This is another breakdown of the information into products or product categories. Data may come from annual reports, but will invariably have to be supplemented by market research information and possibly analysis of the competitive product so that cost structures can be estimated. The ability to complete every cell will vary with the information that can be obtained, and the justification of the effort that should be put on this will vary with the importance of the competitor. Very often the analyst will have to be satisfied with a less than complete answer. This section incorporates market shares. It could also be extended if appropriate to show segment shares: again a judgement has to be made on the value of this information and whether it can be obtained.

Marketing and sales activity
This is a notepad to record key information about how the competitor influences the market. It may include information on advertising spends, the size of the sales force, direct mail activity, or whatever else is strategically important.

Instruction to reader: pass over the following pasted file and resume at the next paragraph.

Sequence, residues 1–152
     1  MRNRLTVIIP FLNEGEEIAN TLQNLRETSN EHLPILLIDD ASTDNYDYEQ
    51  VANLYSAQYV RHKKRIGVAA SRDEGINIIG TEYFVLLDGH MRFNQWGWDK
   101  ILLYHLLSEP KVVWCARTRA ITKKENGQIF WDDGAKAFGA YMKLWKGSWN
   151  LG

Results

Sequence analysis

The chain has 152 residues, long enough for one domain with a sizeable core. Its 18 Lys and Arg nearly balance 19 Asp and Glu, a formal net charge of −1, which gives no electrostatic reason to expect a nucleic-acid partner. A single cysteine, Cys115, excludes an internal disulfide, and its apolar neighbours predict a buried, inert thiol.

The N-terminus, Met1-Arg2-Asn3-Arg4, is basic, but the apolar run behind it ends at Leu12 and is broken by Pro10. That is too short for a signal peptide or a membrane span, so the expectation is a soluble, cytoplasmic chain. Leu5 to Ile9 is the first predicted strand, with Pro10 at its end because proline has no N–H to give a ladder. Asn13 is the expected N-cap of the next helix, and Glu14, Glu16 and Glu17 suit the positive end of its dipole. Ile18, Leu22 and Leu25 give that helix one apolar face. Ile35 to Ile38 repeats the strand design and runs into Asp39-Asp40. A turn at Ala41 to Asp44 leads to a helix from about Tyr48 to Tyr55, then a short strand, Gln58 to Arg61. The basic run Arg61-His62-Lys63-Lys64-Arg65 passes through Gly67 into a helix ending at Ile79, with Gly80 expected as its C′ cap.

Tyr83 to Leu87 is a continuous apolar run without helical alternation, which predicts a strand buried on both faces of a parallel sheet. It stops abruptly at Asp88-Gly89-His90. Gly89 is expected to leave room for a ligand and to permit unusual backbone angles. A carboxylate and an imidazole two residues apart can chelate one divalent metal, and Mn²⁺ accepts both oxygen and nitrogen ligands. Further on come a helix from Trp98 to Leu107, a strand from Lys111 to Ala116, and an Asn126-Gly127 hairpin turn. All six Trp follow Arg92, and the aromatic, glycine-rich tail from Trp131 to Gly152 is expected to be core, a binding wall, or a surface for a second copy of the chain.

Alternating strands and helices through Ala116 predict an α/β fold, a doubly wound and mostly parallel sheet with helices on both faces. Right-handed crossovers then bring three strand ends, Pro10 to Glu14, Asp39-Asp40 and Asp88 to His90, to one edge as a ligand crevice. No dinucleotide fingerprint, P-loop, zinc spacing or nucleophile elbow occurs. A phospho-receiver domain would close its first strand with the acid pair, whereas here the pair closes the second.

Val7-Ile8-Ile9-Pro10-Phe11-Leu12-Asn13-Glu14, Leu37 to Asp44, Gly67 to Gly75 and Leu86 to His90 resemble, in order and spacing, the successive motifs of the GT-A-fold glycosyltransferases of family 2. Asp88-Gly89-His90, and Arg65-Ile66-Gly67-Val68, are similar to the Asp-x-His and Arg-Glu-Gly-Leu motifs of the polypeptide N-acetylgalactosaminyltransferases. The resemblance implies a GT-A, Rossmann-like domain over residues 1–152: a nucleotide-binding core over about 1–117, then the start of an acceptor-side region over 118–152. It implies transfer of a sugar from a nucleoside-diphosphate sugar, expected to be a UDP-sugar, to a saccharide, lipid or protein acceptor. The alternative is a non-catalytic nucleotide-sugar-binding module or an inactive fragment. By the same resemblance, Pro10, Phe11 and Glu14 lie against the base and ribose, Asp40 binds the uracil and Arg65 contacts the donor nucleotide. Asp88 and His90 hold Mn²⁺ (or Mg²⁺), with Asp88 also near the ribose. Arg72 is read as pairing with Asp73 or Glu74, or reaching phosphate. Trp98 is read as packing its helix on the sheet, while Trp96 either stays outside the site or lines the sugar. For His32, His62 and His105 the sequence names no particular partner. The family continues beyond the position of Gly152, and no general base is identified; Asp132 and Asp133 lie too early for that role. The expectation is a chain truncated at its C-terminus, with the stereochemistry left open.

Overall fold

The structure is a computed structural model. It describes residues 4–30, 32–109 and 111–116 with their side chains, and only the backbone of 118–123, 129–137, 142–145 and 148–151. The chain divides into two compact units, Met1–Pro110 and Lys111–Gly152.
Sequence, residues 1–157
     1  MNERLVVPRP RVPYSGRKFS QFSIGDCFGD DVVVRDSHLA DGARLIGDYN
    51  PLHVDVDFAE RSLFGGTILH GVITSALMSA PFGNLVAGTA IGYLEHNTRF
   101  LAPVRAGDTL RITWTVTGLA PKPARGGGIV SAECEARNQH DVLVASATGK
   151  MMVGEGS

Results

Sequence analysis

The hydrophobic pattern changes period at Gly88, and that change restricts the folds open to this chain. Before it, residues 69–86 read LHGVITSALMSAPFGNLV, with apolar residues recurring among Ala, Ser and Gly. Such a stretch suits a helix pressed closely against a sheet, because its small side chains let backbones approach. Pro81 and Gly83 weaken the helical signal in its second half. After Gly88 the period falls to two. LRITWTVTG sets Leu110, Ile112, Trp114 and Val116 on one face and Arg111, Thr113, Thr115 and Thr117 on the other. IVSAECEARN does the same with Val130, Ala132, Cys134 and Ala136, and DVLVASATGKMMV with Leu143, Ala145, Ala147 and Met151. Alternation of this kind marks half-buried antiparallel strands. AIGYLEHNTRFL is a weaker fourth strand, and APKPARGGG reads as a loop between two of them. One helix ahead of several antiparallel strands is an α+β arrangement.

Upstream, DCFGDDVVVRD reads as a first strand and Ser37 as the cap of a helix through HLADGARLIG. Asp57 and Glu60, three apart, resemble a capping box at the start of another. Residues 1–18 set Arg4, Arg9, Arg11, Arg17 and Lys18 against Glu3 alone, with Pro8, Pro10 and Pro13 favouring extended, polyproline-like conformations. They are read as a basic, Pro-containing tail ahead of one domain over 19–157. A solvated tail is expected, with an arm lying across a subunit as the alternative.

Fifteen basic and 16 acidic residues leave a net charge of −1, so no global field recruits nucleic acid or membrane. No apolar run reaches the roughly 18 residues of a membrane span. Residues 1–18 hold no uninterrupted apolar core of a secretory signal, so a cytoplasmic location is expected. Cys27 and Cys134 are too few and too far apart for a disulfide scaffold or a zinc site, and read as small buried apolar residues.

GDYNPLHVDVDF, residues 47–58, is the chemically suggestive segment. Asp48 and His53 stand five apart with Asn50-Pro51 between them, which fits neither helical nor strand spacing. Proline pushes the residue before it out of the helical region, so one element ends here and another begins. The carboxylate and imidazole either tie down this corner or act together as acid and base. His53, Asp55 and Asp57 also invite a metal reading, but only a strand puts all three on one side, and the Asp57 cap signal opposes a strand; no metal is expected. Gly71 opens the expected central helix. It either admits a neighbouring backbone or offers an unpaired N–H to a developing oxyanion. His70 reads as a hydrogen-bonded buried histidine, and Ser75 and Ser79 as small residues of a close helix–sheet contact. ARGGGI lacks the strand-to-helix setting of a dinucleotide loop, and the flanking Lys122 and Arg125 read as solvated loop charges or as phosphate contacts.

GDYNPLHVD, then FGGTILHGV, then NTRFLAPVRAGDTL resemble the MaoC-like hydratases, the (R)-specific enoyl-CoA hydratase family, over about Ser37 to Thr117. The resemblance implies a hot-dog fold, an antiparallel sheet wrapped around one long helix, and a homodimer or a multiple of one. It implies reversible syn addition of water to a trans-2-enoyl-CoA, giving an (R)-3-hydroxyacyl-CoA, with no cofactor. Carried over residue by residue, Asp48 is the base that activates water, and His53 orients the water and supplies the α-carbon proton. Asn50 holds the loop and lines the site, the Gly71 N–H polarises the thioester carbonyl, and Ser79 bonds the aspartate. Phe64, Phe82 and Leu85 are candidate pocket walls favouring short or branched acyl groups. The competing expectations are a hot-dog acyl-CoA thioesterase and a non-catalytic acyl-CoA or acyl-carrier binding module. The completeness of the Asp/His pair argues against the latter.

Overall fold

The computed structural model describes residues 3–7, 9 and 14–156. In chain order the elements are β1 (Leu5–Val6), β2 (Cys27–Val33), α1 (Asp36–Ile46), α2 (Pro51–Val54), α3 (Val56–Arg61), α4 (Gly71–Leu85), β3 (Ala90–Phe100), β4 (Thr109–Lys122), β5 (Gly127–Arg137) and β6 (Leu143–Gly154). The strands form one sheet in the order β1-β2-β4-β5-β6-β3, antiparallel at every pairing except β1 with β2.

Importance of activity to group
This part of the form assesses the significance of the industry being analysed to the total operations of the competitor. The reason for this is to establish whether the activity is core to the competitor, in which case more resources might be made available to fight off a competitive threat. Something which is peripheral may not receive the same management time, nor have additional resources made available. One complex way of showing this is to draw a portfolio chart of all the competitor’s activities.

This is always difficult, and particularly so if the competitor operates in a number of industries on which the analyst has little real knowledge. Just how difficult will become clearer in a later chapter which deals with portfolio analysis. An alternative method is illustrated in Figure, which immediately shows the importance of an activity to a competitor as a source of turnover, profits and growth.

Importance-of-corporate activities

Sources of competitive advantage
Prahalad and Doz stress the importance of studying the core technologies and competencies of organizations as well as their particular product market attributes. They quote, as one example, Honda and argue that its competitive strength comes from engines, a core technology, as well as brand recognition.

Scope of international operations